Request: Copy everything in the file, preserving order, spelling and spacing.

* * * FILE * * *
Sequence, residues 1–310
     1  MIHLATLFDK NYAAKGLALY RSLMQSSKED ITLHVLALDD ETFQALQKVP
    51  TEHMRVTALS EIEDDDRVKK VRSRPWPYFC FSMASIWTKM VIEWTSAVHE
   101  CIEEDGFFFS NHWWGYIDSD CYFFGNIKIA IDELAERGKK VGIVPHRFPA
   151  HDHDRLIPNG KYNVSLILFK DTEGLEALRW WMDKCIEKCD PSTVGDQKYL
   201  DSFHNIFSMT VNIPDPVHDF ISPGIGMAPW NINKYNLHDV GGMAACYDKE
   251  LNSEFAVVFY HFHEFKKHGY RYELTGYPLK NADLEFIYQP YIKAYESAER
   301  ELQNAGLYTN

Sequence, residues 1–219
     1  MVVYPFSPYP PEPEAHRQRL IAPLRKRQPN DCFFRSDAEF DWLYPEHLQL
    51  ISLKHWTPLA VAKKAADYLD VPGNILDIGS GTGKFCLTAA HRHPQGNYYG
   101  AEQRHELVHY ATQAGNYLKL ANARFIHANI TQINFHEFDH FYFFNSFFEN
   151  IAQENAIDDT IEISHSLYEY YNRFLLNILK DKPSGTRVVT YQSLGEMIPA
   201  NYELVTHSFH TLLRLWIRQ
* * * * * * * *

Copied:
Sequence, residues 1–310
     1  MIHLATLFDK NYAAKGLALY RSLMQSSKED ITLHVLALDD ETFQALQKVP
    51  TEHMRVTALS EIEDDDRVKK VRSRPWPYFC FSMASIWTKM VIEWTSAVHE
   101  CIEEDGFFFS NHWWGYIDSD CYFFGNIKIA IDELAERGKK VGIVPHRFPA
   151  HDHDRLIPNG KYNVSLILFK DTEGLEALRW WMDKCIEKCD PSTVGDQKYL
   201  DSFHNIFSMT VNIPDPVHDF ISPGIGMAPW NINKYNLHDV GGMAACYDKE
   251  LNSEFAVVFY HFHEFKKHGY RYELTGYPLK NADLEFIYQP YIKAYESAER
   301  ELQNAGLYTN

Sequence, residues 1–219
     1  MVVYPFSPYP PEPEAHRQRL IAPLRKRQPN DCFFRSDAEF DWLYPEHLQL
    51  ISLKHWTPLA VAKKAADYLD VPGNILDIGS GTGKFCLTAA HRHPQGNYYG
   101  AEQRHELVHY ATQAGNYLKL ANARFIHANI TQINFHEFDH FYFFNSFFEN
   151  IAQENAIDDT IEISHSLYEY YNRFLLNILK DKPSGTRVVT YQSLGEMIPA
   201  NYELVTHSFH TLLRLWIRQ